My first election
As youth activist my first action in celebration of my 18th birthday was to register to vote with Helen Butler, executive director of the Coalition for the Peoples' Agenda. My mother took a picture and Mrs. Rita Samuels, the first Black woman to work in the Governor's office in Georgia under Governor and later President Jimmy Carter was also in the picture. Mrs. Samuels is the founder of the Georgia Coalition of Black Women and she is an ardent supporter of women, especially Black women. We talked about the election and we all expressed support for Senator Barack Obama for president.
I am excited to have a Black and a female candidate to choose from. I would definitely go with Obama over Hillary for a number of reasons including the fact that he is not related to any recent president. Out of the five Black women assembled only one of us would vote for Hillary if Obama were out of the race and two or three would not vote for her under any circumstance. It was a great conversation and I will share details next week after I get permission to quote others.
Right now I hope that America proves that you don't have to be a Bush or a Clinton to become president. I am not so sure. I mean you read things in books about the process but times change and today it seems that only a few families are eligible to live in the White House. I really don't remember Bush I, just Clinton, Clinton, Bush, Bush and I don't want to see another Clinton, Clinton. Then their kids will grow up and the legacy could just keep getting passed down. It is bad enough when it is father and son but husband and wife takes it too far. It would be better to just let the same person run again and again without limit. The result is the same concentrating power in the hands of a few.
Politically I'm Independent. I don't want to be taken for granted and I won't be ignored. If I could have my pick for president right now it would be Colin Powell. He has military experience, personal integrity, and he is a proven leader. America seems to prefer style over substance so that leaves great leaders out of the running.
Over my winter break my driving privileges depended upon my reading one non-fiction and one fiction book and both had to be qualified as "literary" by my mother. I then had to tell her about the two books. To be honest I only skimmed Mary Frances Berry's book My Face Is Black Is True about ex-slave Callie House who worked hard to secure reparations for former slaves. From the back cover I knew that "A widowed Nashville washerwoman and mother of five, House went on to fight for African American pensions based on those offered to Union soldiers, brilliantly targeting $68 million in taxes on seized rebel cotton and demanding it as repayment for centuries of unpaid labor." Of course when my mother presented me with a copy of a letter from Dr. John Boyd, Jr., president of the National Black Farmers Association to House Judiciary Chairman, The Honorable John Conyers I knew that cotton would be the topic of discussion.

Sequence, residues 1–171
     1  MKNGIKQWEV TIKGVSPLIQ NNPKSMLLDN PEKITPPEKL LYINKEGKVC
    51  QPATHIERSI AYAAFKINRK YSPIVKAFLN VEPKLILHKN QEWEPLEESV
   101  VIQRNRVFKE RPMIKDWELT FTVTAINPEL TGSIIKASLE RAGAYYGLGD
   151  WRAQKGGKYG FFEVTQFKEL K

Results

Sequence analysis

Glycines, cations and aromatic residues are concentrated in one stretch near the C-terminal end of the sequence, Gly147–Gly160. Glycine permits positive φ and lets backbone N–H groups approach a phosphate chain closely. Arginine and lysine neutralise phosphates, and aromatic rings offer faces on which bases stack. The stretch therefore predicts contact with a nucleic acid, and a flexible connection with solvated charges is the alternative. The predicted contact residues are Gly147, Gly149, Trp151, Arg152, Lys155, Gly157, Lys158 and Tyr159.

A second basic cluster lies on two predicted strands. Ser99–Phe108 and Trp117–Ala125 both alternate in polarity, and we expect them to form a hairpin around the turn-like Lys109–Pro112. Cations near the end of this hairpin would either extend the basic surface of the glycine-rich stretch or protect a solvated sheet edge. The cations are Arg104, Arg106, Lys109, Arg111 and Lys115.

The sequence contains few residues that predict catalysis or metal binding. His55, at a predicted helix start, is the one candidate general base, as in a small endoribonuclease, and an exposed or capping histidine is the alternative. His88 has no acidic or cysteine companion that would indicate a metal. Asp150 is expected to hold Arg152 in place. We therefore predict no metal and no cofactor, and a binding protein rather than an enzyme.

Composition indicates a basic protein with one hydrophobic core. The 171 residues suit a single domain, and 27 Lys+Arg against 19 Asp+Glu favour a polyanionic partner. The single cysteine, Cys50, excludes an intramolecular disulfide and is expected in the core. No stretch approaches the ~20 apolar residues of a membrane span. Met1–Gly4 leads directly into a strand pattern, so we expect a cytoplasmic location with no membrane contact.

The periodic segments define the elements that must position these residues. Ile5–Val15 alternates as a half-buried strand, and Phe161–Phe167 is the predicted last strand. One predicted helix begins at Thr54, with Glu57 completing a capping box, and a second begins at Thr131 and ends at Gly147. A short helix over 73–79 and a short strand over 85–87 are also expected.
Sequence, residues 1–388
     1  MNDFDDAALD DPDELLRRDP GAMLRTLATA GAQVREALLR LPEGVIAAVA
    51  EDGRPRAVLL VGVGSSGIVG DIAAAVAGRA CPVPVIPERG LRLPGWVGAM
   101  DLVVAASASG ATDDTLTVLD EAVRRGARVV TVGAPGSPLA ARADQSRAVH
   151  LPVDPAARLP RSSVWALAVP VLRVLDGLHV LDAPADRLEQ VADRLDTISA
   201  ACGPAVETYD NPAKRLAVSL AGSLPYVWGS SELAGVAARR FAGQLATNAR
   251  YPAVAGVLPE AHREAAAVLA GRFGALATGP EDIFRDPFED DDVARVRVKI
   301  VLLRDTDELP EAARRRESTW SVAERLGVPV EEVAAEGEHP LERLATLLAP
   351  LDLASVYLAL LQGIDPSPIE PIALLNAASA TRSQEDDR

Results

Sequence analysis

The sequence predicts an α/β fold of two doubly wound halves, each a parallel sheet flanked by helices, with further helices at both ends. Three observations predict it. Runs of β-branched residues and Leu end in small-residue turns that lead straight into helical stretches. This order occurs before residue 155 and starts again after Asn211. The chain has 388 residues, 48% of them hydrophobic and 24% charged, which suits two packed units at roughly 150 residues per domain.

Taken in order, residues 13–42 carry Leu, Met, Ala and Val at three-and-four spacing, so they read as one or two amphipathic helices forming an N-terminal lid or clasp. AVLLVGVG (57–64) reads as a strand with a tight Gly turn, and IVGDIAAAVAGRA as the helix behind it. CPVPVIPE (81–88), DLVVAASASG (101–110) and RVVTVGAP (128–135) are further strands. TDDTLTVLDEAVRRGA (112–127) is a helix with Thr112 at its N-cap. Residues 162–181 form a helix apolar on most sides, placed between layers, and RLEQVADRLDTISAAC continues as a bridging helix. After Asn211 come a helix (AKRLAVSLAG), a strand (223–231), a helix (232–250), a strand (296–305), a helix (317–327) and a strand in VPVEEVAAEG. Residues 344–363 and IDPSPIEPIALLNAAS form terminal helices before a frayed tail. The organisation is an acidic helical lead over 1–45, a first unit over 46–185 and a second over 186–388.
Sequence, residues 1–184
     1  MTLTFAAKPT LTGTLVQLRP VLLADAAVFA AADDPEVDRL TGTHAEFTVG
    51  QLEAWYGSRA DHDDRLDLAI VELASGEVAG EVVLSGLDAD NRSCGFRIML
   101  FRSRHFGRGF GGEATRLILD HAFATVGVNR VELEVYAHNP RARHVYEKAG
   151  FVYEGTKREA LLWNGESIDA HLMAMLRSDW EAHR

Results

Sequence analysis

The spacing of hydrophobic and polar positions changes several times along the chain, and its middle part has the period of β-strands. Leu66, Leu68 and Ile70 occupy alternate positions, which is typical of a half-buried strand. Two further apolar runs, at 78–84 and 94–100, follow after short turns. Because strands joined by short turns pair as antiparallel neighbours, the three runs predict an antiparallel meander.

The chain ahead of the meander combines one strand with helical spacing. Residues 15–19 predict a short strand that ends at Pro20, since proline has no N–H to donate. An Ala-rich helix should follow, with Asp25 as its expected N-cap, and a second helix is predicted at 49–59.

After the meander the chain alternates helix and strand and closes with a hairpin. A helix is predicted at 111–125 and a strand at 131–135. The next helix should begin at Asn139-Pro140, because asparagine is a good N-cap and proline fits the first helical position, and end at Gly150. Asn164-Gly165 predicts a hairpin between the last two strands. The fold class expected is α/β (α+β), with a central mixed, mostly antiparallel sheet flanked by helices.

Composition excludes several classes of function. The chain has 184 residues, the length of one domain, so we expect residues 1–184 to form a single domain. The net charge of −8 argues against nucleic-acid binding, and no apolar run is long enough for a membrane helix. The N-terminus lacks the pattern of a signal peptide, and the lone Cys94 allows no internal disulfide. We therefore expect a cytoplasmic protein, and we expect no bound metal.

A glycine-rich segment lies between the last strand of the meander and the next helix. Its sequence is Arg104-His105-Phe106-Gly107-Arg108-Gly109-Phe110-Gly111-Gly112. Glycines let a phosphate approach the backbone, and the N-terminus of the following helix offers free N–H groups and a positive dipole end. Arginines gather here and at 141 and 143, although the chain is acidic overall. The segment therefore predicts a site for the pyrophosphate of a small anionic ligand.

It seems that Monsanto is at it again. Monsanto first hit my radar when they went to court to establish that farmers could not replant genetically modified seeds without a license and they won the case against an old Canadian farmer. I know that African farmers accuse Monsanto and other multinational companies of trying to monopolize seeds. I always try to look at issues from an environmental justice perspective so when environmental issues come up I ask what is the impact on the Black community and globally what is the impact on Africa. This is my way of trying to sort things out.
Dr. Boyd represents almost 200,000 Black farmers in the US and Africa and he states that Monsanto controls 95% of the cotton genetic seed market and another company, Delta Pine & Land supplies 75% of the cotton seed market in the Southeast. These two companies want to merge to create an even greater monopoly that would limit the farmer's ability to purchase the seeds that they want. This is a serious issue but nobody cares about genetically modified seeds except hard-core environmentalists. I believe the Congressional Black Caucus will step up. It will be hard to follow but this is the kind of thing that hurts those working on the bottom.
I actually did read and thoroughly enjoyed Tina McElroy Ansa's Ugly Ways. I thought the writing was excellent and I was able to explore the thinking of the Lovejoy sisters about their mother. In a weird way all of this went together because Madea, the center of the Ansa's book was determined to be free. Her children didn't understand but it is true that people are born with a God-given right to be free.
Somebody responded to my concern about the cost of college by suggesting that private school may be out of reach so I should consider a less expensive state school since I obviously cannot afford a private school and because that is the decision that the writer had to make. It is not my goal to go to a private school. I made my college choices based upon many factors. I know that I am more likely to graduate and to succeed in life if I attend a Historically Black College that is a fact. I know that NYU offers one of the only programs in recording arts where I can also get a liberal arts education. Cost matters, debt matters, and I am willing to work. The point that I was trying to make is that maybe we subsidize the wrong things.